January 25, 2013

Reading Strategies

We've been doing a lot of reading at our house lately.  My twins are in kindergarten, and most of their homework consists of reading every day.  They LOVE it, and I love doing it with them.  It's nice to have my teaching experience when we sit down to read together.  

I also know reading homework can be a bit frustrating at times.  Sometimes your child doesn't want to do it, and sometimes you may not be sure how to help.   I can promise whatever help you are giving is making a difference.  Just the time spent doing it will be beneficial, but if you're looking for a little extra help, maybe these reading strategies will come in handy.  Here are three questions we would always use in first grade to help with those tricky words. 


If your child reads the word 'hat', but the word is really 'cap' you can ask, "does that look right?" 'Hat' would make sense, but it not only has to make sense, it has to look right.  Have your child look at the beginning letter of the word.  The beginning letter is 'c'.  Ask your child if 'hat' looks right when the beginning letter is a 'c'.


If your child reads the word 'wat' for the word 'what' you can ask, "does that sound right?"  'Wat' looks right, but does it sound right?  You can discuss how 'wat' is not a real word, and it doesn't sound right.  Then ask your child if he/she knows a word close to 'wat' that would sound right.


If your child reads, "the snake likes in a hole,"when the sentence really says, "the snake lives in a hole," you can ask, "does that make sense?"  It looks right, but it also has to make sense.  Ask your child what would make sense in this sentence.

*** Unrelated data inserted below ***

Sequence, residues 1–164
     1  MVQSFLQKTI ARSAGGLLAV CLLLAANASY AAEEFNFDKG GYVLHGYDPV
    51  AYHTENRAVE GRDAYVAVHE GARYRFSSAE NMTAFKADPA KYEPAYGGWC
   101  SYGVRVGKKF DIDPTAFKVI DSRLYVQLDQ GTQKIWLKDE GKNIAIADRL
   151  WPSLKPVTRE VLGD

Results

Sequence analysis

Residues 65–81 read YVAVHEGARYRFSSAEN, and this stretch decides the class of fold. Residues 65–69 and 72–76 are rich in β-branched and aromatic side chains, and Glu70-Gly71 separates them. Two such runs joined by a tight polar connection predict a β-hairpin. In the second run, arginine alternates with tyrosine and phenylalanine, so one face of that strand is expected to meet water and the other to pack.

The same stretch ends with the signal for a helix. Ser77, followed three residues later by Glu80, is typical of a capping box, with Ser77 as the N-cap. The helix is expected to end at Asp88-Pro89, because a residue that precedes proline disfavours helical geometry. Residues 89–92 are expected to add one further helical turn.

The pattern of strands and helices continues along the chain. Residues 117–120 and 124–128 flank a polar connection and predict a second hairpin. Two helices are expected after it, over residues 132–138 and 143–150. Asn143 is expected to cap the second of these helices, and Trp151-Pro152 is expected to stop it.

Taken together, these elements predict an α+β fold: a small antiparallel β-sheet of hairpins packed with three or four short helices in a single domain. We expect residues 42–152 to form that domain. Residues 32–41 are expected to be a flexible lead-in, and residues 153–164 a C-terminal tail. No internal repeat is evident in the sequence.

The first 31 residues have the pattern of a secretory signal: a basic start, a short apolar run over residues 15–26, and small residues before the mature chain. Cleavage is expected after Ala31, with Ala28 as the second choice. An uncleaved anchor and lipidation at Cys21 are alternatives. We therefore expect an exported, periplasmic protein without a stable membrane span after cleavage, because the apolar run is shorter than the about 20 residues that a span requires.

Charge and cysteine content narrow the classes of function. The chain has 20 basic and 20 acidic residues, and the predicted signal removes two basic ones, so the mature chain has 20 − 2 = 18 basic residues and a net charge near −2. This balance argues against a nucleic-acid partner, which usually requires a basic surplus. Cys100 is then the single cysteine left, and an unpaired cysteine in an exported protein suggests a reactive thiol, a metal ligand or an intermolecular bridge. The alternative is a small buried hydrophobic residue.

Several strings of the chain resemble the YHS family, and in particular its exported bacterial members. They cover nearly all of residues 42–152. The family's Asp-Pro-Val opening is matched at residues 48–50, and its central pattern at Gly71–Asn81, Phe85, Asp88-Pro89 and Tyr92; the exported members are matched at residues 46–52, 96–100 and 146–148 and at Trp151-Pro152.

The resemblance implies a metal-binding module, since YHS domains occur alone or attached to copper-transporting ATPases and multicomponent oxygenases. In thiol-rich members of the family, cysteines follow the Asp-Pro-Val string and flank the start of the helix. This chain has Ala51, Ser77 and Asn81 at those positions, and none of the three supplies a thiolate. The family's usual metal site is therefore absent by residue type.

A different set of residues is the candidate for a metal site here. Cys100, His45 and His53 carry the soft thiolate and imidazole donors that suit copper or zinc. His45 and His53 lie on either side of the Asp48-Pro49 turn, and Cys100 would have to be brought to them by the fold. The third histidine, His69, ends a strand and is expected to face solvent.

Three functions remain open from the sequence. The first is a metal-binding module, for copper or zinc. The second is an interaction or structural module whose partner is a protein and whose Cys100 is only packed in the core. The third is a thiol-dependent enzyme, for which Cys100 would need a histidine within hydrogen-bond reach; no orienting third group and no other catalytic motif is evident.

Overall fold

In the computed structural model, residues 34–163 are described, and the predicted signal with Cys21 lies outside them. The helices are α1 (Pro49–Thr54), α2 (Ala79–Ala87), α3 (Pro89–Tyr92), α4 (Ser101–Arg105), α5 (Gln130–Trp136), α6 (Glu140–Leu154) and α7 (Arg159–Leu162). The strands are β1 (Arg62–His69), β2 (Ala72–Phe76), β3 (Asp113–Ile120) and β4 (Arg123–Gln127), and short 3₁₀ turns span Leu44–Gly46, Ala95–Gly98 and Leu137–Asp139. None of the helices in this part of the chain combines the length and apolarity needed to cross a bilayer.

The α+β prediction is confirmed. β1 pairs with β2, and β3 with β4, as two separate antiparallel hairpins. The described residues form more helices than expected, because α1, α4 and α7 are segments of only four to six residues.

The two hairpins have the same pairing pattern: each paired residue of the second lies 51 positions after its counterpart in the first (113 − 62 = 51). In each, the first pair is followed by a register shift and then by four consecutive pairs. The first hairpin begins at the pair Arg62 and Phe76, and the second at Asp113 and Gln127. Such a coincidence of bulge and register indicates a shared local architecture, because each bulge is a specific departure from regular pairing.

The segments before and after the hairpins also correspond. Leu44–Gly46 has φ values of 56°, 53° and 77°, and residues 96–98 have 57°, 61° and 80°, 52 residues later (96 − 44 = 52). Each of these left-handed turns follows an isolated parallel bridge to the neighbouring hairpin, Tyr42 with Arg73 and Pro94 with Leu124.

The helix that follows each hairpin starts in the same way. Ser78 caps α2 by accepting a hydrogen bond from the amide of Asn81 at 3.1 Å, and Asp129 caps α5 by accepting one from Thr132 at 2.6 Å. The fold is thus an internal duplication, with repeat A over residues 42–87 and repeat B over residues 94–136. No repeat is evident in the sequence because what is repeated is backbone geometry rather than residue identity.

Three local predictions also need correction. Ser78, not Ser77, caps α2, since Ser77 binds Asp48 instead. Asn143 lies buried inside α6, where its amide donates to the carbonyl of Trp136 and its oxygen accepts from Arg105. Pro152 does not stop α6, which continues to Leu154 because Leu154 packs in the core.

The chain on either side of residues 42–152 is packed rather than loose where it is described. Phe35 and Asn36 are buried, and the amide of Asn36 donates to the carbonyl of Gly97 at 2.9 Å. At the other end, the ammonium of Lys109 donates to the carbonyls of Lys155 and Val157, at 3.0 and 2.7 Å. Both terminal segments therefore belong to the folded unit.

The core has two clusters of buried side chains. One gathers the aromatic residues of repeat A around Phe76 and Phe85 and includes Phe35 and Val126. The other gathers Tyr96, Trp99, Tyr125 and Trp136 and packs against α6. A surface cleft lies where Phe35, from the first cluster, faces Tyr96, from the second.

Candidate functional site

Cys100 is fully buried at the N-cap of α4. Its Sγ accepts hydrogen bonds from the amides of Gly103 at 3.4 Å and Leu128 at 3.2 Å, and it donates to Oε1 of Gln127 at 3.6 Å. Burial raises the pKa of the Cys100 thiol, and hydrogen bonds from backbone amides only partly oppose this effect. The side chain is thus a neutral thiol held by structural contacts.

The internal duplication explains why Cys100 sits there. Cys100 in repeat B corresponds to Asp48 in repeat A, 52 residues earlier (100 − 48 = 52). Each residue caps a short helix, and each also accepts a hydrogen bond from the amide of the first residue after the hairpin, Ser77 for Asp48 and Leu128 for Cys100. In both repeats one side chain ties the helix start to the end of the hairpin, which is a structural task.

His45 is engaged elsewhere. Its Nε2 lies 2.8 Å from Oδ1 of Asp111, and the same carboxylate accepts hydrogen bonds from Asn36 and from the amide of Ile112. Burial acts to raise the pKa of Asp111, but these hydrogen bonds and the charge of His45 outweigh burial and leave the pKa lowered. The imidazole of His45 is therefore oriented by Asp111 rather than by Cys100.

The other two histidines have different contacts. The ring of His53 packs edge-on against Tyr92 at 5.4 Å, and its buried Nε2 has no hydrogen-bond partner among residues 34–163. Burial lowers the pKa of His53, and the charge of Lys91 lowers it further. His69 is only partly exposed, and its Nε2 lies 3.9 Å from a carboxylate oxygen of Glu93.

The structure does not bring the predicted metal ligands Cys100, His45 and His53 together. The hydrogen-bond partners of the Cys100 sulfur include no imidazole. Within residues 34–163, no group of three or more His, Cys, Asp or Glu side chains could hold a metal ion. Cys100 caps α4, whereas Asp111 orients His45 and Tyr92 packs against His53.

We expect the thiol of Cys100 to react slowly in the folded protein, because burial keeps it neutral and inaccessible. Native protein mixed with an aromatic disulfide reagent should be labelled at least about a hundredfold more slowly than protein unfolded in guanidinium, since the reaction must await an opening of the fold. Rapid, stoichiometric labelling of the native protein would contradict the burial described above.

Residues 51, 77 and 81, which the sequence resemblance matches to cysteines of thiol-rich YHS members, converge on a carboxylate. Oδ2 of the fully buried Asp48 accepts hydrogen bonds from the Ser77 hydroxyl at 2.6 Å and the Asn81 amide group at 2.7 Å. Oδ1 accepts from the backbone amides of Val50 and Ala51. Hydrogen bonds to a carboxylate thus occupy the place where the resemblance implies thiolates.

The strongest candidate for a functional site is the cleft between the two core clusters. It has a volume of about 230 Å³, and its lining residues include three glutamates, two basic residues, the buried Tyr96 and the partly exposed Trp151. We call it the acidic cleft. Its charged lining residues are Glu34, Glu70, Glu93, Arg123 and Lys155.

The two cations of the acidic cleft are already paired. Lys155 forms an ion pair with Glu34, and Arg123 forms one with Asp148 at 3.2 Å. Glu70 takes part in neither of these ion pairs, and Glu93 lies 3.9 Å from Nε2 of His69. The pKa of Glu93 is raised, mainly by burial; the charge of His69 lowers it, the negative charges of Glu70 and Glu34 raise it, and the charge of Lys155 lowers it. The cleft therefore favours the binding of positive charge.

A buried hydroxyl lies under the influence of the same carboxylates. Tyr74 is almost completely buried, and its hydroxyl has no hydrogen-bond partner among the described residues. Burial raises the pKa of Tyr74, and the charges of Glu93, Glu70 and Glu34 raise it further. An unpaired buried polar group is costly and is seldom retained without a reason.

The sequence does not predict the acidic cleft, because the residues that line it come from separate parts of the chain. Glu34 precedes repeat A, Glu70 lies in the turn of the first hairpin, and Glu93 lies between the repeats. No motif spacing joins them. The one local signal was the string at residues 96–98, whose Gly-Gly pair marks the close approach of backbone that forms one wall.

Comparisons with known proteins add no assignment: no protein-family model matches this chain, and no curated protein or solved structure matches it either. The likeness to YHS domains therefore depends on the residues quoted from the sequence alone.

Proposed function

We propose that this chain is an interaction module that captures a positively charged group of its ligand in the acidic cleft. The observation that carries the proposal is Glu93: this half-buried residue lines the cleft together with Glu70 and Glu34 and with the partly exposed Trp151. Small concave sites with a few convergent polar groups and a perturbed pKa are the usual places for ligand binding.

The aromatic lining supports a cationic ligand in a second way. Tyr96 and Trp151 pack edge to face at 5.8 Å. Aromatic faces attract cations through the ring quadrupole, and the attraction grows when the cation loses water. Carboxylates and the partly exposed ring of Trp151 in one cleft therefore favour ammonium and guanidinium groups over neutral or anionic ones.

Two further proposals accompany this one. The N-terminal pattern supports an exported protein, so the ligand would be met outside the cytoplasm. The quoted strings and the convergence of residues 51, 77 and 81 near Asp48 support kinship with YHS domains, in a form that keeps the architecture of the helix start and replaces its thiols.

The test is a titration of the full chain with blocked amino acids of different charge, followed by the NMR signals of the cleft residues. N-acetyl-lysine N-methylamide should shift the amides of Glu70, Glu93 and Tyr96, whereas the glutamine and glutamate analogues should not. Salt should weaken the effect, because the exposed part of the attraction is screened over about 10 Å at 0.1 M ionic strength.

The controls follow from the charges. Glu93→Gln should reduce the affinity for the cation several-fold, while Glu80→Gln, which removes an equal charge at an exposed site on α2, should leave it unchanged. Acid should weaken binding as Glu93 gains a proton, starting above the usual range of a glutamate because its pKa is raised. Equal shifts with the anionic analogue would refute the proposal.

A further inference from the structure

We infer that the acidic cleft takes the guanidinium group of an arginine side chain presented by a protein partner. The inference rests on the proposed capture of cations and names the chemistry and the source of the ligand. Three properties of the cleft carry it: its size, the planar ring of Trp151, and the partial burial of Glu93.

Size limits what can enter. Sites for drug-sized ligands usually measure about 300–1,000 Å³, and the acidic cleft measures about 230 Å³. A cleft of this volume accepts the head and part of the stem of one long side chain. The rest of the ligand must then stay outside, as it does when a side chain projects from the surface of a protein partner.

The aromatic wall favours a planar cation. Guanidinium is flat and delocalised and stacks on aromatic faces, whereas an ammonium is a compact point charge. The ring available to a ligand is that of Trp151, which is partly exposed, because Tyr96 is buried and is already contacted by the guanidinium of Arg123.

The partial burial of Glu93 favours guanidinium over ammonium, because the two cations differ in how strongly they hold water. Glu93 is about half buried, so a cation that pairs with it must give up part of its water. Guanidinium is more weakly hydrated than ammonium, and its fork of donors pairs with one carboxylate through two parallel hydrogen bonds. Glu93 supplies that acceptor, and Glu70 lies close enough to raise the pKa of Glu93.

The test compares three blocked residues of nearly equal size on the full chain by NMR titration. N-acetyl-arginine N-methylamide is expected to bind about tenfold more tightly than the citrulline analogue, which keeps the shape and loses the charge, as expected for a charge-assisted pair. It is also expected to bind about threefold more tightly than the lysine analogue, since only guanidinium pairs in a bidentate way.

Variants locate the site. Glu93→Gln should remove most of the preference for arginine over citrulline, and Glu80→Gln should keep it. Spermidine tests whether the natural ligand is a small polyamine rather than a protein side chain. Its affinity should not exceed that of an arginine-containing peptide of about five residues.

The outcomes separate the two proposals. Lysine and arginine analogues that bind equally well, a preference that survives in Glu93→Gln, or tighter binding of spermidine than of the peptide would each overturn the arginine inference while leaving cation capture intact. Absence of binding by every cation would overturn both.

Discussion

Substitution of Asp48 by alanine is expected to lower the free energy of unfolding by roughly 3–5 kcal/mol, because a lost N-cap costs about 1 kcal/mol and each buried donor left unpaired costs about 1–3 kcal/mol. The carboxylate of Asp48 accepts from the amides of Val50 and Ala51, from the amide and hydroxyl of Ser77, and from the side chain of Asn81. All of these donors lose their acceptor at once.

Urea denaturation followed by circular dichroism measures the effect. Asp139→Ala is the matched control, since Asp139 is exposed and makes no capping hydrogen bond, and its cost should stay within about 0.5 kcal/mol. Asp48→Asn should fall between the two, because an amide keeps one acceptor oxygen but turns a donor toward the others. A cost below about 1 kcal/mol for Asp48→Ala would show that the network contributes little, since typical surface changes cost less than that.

That's a very brief explanation of these strategies, but hopefully it gives you an idea of what you can do to help your beginning (or any level) reader.  Just remind your child what is being read has to always, look right, sound right, and make sense.  

Check back next week and I'll have some more strategies for when you child comes to a word and just sits there.  Sound familiar?  There are several strategies you can teach your child to use when he/she doesn't know a word.

Click here  & here to print out the three reading strategies. 
 Happy reading!

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2 comments:

  1. Hi Brooke! Awesome post! I'll pin it to one of my Teaching boards. You and I have very similar experiences right now, with both of us being former teachers with Kindergarteners now. I love homework time too! Hopefully we can continue to say that as they get older. (=
    Carrie (My Book Boost)

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    1. Hi Carrie! So nice to meet you! Thanks so much for stopping by and sharing your thoughts. What grade did you teach? I totally hear you- homework down the road makes me a bit nervous! We'll enjoy this fun little stage as long as we can. Thanks again! We'll be "seeing" you around.

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